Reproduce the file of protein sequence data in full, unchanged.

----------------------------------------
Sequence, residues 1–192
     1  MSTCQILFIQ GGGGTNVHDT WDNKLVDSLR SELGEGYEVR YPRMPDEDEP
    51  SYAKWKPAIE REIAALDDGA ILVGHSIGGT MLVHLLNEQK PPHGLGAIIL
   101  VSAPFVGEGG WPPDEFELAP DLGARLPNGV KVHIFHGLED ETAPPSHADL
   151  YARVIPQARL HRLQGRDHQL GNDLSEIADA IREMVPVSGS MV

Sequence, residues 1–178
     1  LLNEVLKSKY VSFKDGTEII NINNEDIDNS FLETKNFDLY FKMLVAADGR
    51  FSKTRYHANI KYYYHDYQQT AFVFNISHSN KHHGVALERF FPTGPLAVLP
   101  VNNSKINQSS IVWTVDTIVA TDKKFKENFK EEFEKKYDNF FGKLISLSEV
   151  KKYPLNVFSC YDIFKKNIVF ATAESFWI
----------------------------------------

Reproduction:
Sequence, residues 1–192
     1  MSTCQILFIQ GGGGTNVHDT WDNKLVDSLR SELGEGYEVR YPRMPDEDEP
    51  SYAKWKPAIE REIAALDDGA ILVGHSIGGT MLVHLLNEQK PPHGLGAIIL
   101  VSAPFVGEGG WPPDEFELAP DLGARLPNGV KVHIFHGLED ETAPPSHADL
   151  YARVIPQARL HRLQGRDHQL GNDLSEIADA IREMVPVSGS MV

Sequence, residues 1–178
     1  LLNEVLKSKY VSFKDGTEII NINNEDIDNS FLETKNFDLY FKMLVAADGR
    51  FSKTRYHANI KYYYHDYQQT AFVFNISHSN KHHGVALERF FPTGPLAVLP
   101  VNNSKINQSS IVWTVDTIVA TDKKFKENFK EEFEKKYDNF FGKLISLSEV
   151  KKYPLNVFSC YDIFKKNIVF ATAESFWI